Under Executive Order 12866 (58 FR 51735, October 4, 1993), this action is Start Printed Page 19319not a “significant regulatory action” and therefore is not subject to review by the Office of Management and Budget. For this reason, this action is also not subject to Executive Order 13211, “Actions Concerning Regulations That Significantly Affect Energy Supply, Distribution, or Use” (66 FR 28355, May 22, 2001). This action merely approves state law as meeting Federal requirements and imposes no additional requirements beyond those imposed by state law. Accordingly, the Administrator certifies that this rule will not have a significant economic impact on a substantial number of small entities under the Regulatory Flexibility Act (5 U.S.C. 601 et seq.). Because this rule approves pre-existing requirements under state law and does not impose any additional enforceable duty beyond that required by state law, it does not contain any unfunded mandate or significantly or uniquely affect small governments, as described in the Unfunded Mandates Reform Act of 1995 (Public Law 104-4).
This rule also does not have tribal implications because it will not have a substantial direct effect on one or more Indian tribes, on the relationship between the Federal Government and Indian tribes, or on the distribution of power and responsibilities between the Federal Government and Indian tribes, as specified by Executive Order 13175 (65 FR 67249, November 9, 2000). This action also does not have Federalism implications because it does not have substantial direct effects on the States, on the relationship between the national government and the States, or on the distribution of power and responsibilities among the various levels of government, as specified in Executive Order 13132 (64 FR 43255, August 10, 1999). This action merely approves a state rule implementing a Federal standard, and does not alter the relationship or the distribution of power and responsibilities established in the Clean Air Act. This rule also is not subject to Executive Order 13045 “Protection of Children from Environmental Health Risks and Safety Risks” (62 FR 19885, April 23, 1997), because it is not economically significant.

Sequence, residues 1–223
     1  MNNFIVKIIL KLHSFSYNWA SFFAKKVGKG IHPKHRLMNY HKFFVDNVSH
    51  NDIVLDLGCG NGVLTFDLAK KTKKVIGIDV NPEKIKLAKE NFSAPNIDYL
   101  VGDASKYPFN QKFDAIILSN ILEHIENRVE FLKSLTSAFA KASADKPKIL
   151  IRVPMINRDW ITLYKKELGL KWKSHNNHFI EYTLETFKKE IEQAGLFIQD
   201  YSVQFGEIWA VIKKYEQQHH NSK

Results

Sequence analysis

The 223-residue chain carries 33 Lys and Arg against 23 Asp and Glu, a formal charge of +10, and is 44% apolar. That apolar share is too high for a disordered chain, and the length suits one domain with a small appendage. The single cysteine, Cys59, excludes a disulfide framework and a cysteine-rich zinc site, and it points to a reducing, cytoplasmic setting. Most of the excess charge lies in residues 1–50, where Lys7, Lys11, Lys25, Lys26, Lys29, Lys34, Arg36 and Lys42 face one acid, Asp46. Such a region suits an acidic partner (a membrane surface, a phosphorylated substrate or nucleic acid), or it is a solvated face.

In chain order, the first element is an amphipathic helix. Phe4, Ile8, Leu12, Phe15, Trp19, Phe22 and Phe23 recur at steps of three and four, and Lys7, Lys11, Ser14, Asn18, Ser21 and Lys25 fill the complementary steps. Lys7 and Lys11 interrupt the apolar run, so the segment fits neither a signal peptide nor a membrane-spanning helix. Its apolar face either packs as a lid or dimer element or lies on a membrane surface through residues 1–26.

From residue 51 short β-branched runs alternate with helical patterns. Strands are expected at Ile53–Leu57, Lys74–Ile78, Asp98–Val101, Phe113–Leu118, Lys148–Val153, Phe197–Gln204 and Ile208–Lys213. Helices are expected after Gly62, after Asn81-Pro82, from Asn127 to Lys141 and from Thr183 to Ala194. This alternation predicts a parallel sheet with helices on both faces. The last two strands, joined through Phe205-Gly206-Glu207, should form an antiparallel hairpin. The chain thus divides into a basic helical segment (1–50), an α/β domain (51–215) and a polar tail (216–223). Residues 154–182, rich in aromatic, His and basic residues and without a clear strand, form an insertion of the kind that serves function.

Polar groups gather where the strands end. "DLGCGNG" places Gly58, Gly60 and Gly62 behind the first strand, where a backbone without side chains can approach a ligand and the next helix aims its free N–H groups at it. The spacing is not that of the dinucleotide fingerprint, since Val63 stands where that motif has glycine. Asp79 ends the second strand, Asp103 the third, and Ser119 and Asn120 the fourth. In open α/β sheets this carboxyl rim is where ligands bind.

In reviewing SIP submissions, EPA's role is to approve state choices, provided that they meet the criteria of the Clean Air Act. In this context, in the absence of a prior existing requirement for the State to use voluntary consensus standards (VCS), EPA has no authority to disapprove a SIP submission for failure to use VCS. It would thus be inconsistent with applicable law for EPA, when it reviews a SIP submission, to use VCS in place of a SIP submission that otherwise satisfies the provisions of the Clean Air Act. Thus, the requirements of section 12(d) of the National Technology Transfer and Advancement Act of 1995 (15 U.S.C. 272 note) do not apply. This rule does not impose an information collection burden under the provisions of the Paperwork Reduction Act of 1995 (44 U.S.C. 3501 et seq.).
The Congressional Review Act, 5 U.S.C. section 801 et seq., as added by the Small Business Regulatory Enforcement Fairness Act of 1996, generally provides that before a rule may take effect, the agency promulgating the rule must submit a rule report, which includes a copy of the rule, to each House of the Congress and to the Comptroller General of the United States. EPA will submit a report containing this rule and other required information to the U.S. Senate, the U.S. House of Representatives, and the Comptroller General of the United States prior to publication of the rule in the Federal Register. A major rule cannot take effect until 60 days after it is published in the Federal Register. This action is not a “major rule” as defined by 5 U.S.C. section 804(2).
Under section 307(b)(1) of the Clean Air Act, petitions for judicial review of this action must be filed in the United States Court of Appeals for the appropriate circuit by June 17, 2003. Filing a petition for reconsideration by the Administrator of this final rule does not affect the finality of this rule for the purposes of judicial review nor does it extend the time within which a petition for judicial review may be filed, and shall not postpone the effectiveness of such rule or action. This action may not be challenged later in proceedings to enforce its requirements. (See section 307(b)(2).)Start List of Subjects
List of Subjects in 40 CFR Part 52
- Environmental protection
- Air pollution control
- Incorporation by reference
- Intergovernmental relations
- Particulate matter
- Reporting and recordkeeping requirements
Dated: February 27, 2003.
Acting Regional Administrator, Region IX.
Part 52, chapter I, title 40 of the Code of Federal Regulations is amended as follows:End Amendment Part Start Part
PART 52—[AMENDED]End Part Start Amendment Part
1. The authority citation for part 52 continues to read as follows:End Amendment Part
Subpart F—CaliforniaStart Amendment Part
2. Section 52.220 is amended by adding paragraphs (c)(247) (i)(A)( 5), and (c)(309)(i)(A)(2) to read as follows:End Amendment Part
(c) * * *
(247) * * *
(i) * * *
(A) * * *
(5) SCAQMD commitment to adopt and implement control measures, as contained in the Coachella Request for Redesignation and Maintenance Plan for PM-10.
(309) * * *
(i) * * *
(A) * * *
(2) Baseline and projected emissions inventories, SCAQMD commitment to adopt and implement control measures, reasonable further progress, contingency measures, attainment demonstration, PM-10 attainment date extension, and motor vehicle emissions budgets, as contained in Chapters 3, 4, 5, 6 and 8 of the 2002 Coachella Valley PM-10 SIP adopted by SCAQMD on June 21, 2002, and the 2002 Coachella Valley PM-10 SIP Addendum (Appendix E) adopted by SCAQMD on September 13, 2002.
3. Section 52.244 is amended by adding paragraph (e)(2) to read as follows:End Amendment Part
(e) * * *
(2) Coachella Valley, approved April 18, 2003.
[FR Doc. 03-9479 Filed 4-17-03; 8:45 am]